• Pear and pollen cake (Baltic by Simon Bajada)Source: Baltic by Simon Bajada

This is your classic fruit sponge cake, and one of the simplest, quickest cake recipes I know.






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Commonly it’s cooked with apples, but I prefer pears (which, when right, are my favourite fruit), so I’m using them here instead, and I’ve topped it off with another of my favourite ingredients – bee pollen. Pure bee pollen, as well as wax mixed with bee pollen, is sold at markets in all three Baltic countries, with a hefty price tag that reflects the value placed on its many health benefits. You can also find it in healthfood stores or online. I love the interesting floral flavour and extra texture it lends to the cake.


  • 4 pears (approx. 550 g /1 lb 3 oz)
  • juice of ¼ lemon
  • 120 g (4½ oz) unsalted butter, at room temperature, plus extra for greasing
  • 100 g (3½ oz) caster (superfine) sugar
  • 3 eggs
  • 140 g (5 oz) plain (all-purpose) flour
  • 1 tsp baking powder
  • ½ tsp natural vanilla extract
  • 1 tsp ground cinnamon
  • 2 tbsp bee pollen (available at health food stores)
  • whipped cream, to serve

Cook's notes

Oven temperatures are for conventional; if using fan-forced (convection), reduce the temperature by 20˚C. | We use Australian tablespoons and cups: 1 teaspoon equals 5 ml; 1 tablespoon equals 20 ml; 1 cup equals 250 ml. | All herbs are fresh (unless specified) and cups are lightly packed. | All vegetables are medium size and peeled, unless specified. | All eggs are 55-60 g, unless specified.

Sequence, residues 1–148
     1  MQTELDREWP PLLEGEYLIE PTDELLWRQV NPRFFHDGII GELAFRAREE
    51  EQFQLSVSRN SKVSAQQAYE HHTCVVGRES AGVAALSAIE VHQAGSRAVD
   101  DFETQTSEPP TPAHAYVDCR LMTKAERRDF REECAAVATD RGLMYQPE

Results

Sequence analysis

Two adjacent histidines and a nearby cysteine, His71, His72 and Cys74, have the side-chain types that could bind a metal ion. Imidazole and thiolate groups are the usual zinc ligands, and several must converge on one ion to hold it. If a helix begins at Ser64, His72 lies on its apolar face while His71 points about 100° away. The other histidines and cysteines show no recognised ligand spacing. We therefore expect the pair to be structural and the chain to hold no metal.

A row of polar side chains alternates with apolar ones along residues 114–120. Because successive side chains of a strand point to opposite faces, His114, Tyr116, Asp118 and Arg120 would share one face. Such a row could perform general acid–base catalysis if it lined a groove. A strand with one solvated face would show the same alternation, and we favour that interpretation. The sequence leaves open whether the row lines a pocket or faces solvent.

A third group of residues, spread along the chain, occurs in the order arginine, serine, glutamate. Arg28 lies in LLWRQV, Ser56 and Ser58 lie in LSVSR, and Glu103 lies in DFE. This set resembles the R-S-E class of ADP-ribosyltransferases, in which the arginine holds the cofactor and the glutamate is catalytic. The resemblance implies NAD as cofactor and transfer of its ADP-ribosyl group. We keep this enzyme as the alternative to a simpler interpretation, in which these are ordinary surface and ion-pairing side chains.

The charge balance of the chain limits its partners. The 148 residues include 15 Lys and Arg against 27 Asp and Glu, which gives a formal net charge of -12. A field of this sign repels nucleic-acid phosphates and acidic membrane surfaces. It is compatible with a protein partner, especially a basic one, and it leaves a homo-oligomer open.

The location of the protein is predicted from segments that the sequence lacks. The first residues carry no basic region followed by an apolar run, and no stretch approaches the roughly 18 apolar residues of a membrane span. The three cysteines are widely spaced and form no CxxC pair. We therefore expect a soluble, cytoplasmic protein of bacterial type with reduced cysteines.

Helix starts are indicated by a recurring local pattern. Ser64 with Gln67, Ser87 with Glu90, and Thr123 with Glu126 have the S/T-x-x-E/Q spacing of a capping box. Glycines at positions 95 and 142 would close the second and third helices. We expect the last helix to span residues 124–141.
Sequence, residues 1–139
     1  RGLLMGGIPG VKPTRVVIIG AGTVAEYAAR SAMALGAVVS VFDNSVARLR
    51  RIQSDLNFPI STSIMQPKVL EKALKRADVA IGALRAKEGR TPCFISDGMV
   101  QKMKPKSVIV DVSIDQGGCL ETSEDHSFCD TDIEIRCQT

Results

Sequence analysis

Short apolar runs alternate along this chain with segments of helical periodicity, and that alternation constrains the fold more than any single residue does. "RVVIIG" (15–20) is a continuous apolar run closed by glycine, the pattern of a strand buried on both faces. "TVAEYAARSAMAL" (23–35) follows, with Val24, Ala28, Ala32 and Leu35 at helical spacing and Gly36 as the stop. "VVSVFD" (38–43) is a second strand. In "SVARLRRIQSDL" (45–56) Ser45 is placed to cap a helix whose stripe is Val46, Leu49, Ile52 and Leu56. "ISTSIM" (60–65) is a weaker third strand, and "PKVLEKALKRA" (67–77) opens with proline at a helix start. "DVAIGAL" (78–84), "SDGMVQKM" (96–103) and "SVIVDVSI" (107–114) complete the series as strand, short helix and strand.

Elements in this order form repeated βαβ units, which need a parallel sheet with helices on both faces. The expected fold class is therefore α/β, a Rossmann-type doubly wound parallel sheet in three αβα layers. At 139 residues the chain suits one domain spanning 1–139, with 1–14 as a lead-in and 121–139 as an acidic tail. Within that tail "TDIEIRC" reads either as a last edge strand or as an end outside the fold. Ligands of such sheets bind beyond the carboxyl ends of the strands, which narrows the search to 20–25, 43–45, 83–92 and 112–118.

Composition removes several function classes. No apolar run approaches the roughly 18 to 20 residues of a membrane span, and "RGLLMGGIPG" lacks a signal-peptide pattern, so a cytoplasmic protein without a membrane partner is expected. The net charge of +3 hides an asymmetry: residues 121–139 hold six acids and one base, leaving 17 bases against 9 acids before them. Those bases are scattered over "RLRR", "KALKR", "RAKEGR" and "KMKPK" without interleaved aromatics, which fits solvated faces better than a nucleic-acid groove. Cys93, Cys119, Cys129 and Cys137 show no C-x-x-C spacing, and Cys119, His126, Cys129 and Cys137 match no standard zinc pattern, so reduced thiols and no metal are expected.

1. Preheat the oven to 170°C (340°F). Grease a 21 cm (8¼ in) round non-stick cake tin with a little butter.

2. Peel and core the pears. Slice half a pear and set aside, squeezing over the lemon juice to stop it from browning, then cut the remaining pears into 1.5 cm (½ in) cubes. Set aside.

3. In a separate bowl, cream the butter and sugar with an electric mixer for 3 minutes, or until pale. Add the eggs and continue to whisk until pale and fluffy, then fold through the flour, baking powder, vanilla and cinnamon to form a batter.

4. Mix half of the pear cubes into the batter, then pour into the tin. Mix the pollen through the remaining pear cubes and sprinkle them over the batter. Tap the base of the tin on the work surface to settle the batter. Arrange the pear slices on top in a circle and bake for 45–50 minutes until the top of the cake is golden brown and a skewer inserted into the centre comes out clean. Serve warm or cold with whipped cream.

Recipe and photography from Baltic by Simon Bajada (Hardie Grant, RRP $50)